● To illustrate just how deep this field was, the final front group had riders ranked 2nd (Pogačar), 3rd (Wout van Aert), 5th (Alaphilippe), 6th (Van der Poel) in the Pro Cycling Stats Rankings. In addition to this was Tom Pidcock, 4th at 2021 Cyclocross Worlds, and Egan Bernal, winner of the 2019 Tour de France.
Michael Gogl – Surprising 9th
● Michael Gogl, who had a surprising 9th place here in 2020, impressed again by making that final front group and placing 6th. This is a huge result for his small;-budget Qhubeka ASSOS team and shows his breakout season in 2020 wasn’t a fluke and that he could be playing in the finales of these major one-day races for years to come.
● The top-ten supports the theory that the shift towards younger riders is here to stay. Simon Clarke (34-years-old) in 8th place, was the first rider over 30-years-old.
Big effort for Mathieu
● Ultimately, I thought Van Aert was on the front way too much and it ended up costing him in the end. This is a chronic issue for him and it will be interesting to watch this bad habit for the rest of the Spring. I actually had this same thing in my race notes about last year’s Strade Bianche. He would go on to win that edition, but frankly the competition today was deeper and sharper today versus 2020.
● Greg van Avermaet made the front group, only to be dropped when things got serious with 50km-to-go. At 35-years-old and without a race win since 2019, it seems like the Olympic Champion is struggling to keep pace with the younger generation.
Not a bad ride from Quinn Simmons
For Further Consideration
● Before we start the discussion of whether Van der Poel is the second coming of Tom Boonen, I want to see if he can hold this sparkling form and also how he will perform at the significantly longer Milan-Sanremo, Flanders, and Roubaix. Remember, by the time Boonen was Van der Poel’s age, he had won three Monuments (including two consecutive Flanders titles), so Van der Poel would have to win two Monuments this season just to get even.
● Despite Pidcock’s impressive performance, the argument could be made that he wasn’t the most impressive young rider in the race. 19-year-old Quinn Simmons forced the first major selection, only fell out of the front group after a flat, and chased back onto the second group on the road. Ultimately his day ended when he went off the road with 19km-to-go in a corner, but it is hard to deny this was a highly impressive outing for the youngest rider in the race.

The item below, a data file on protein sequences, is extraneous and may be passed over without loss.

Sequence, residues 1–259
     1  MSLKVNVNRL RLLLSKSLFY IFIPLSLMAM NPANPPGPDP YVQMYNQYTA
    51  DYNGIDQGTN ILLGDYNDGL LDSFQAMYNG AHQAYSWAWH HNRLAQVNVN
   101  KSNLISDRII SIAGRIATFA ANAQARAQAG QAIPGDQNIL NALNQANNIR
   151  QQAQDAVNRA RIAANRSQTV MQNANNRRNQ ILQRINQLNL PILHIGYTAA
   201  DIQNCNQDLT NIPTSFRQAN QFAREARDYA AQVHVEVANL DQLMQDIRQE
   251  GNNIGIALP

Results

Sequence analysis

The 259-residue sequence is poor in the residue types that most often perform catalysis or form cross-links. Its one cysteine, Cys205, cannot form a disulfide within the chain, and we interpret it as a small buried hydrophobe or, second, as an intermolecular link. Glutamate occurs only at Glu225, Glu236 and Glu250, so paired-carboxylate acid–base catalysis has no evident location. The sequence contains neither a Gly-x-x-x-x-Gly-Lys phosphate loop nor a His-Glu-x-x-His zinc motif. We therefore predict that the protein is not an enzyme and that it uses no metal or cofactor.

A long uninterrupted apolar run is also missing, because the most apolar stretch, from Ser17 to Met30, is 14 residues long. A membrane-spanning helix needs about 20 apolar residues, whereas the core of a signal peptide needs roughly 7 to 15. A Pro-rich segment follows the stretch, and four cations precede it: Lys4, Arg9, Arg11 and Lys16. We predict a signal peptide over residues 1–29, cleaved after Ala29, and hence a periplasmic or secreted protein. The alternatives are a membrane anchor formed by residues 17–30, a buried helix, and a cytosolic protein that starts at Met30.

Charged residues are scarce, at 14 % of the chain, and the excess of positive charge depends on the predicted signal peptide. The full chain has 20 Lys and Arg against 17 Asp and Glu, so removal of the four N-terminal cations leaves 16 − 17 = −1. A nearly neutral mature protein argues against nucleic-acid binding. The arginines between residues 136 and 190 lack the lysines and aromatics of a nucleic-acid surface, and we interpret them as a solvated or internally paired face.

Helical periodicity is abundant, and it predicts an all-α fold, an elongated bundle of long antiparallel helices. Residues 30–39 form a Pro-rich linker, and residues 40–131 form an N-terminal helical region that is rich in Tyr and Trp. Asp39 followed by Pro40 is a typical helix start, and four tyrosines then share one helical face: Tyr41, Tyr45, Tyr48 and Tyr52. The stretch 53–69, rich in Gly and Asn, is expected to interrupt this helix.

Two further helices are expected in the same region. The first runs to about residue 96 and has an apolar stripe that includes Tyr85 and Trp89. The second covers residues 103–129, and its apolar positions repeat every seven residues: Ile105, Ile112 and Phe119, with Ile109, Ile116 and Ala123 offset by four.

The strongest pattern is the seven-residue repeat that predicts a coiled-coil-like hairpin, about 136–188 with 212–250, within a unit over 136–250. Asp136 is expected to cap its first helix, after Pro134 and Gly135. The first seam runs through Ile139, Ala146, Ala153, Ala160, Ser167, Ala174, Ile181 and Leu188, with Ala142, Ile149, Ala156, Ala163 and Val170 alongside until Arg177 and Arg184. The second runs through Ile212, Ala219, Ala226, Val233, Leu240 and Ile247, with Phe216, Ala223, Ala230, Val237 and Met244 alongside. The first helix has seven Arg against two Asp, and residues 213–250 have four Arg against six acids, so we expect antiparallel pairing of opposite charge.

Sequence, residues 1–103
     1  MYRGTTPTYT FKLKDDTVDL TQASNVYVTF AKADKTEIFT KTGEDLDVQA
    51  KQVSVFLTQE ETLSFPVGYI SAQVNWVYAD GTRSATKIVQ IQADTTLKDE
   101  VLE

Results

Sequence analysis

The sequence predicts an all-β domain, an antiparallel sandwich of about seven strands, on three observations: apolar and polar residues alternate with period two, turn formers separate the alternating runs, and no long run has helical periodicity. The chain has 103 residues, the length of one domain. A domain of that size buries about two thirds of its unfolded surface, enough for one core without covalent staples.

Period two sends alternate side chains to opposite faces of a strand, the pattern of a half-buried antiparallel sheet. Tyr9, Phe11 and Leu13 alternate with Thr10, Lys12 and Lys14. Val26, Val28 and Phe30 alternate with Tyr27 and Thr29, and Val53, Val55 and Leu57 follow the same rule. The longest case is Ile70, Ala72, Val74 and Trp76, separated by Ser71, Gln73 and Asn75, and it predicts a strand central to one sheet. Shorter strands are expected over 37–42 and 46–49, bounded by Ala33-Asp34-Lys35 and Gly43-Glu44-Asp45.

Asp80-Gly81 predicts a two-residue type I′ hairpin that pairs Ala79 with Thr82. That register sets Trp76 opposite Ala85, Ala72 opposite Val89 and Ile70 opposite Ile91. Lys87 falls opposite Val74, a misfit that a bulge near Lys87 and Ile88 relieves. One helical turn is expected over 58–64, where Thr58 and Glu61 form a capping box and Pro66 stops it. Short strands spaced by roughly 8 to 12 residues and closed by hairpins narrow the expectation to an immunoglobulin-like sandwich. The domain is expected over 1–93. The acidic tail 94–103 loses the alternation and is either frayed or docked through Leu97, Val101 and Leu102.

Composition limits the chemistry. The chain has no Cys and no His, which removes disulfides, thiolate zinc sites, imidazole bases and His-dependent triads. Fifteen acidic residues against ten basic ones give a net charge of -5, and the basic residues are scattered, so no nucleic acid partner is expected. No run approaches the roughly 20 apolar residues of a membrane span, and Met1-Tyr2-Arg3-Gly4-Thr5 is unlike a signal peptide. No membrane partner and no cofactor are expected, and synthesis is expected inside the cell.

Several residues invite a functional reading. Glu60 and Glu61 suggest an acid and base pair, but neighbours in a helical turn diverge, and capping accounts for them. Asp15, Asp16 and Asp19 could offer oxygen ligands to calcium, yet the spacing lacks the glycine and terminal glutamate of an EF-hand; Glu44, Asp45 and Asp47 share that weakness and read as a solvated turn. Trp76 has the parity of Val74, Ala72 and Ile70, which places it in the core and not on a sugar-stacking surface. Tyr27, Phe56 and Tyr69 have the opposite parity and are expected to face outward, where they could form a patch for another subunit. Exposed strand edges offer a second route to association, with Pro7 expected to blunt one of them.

● Setting aside Bernal’s success on the day, it is strange that Ineos didn’t Bernal to Paris-Nice. He could have won the race and it would have served as better preparation for the Giro d’Italia.
Paris-Nice Stage 1: Gilbert Makes Things Interesting
● Sam Bennett won the opening stage of the seven-stage Paris-Nice with an impressive sprint win over other world-class sprinters like Arnaud Démare and Pascal Ackerman. Démare finished a distance second-place, while Mads Pedersen, fresh off a big win last week at Kuurne-Brussells-Kuurne, came in third, proving he is still building form and further cemented his status as a Classics contender with a legitimate sprint finish.
Another win for Sam Bennett
● On paper, the stage was slightly dull and produced a formulaic sprint finish, but there was an interesting moment with 53km-to-go when the peloton got too close to the lone breakaway rider, and Philippe Gilbert attacked out of the main group and bridged up to the lone leader after being joined by a few other riders. This group was caught with 26kms-to-go, but small groups kept popping off the front as the sprinter’s teams struggled to control the race.
Life in the old dog yet
● The mid-race attack by Gilbert signals he is feeling incredibly strong and taking every opportunity to log hard training kilometers with less than two weeks to go before Milano-Sanremo. We seem to be heading towards a fantastic showdown where the old-timer will get an opportunity to fend off the upstart Van der Poel to complete the mythical Monument Sweep.
# Spencer Martin is the author of the cycling-analysis newsletter Beyond the Peloton that breaks down the nuances of each race and answers big picture questions surrounding team and rider performance. Sign up now to get full access to all the available content and race breakdowns. #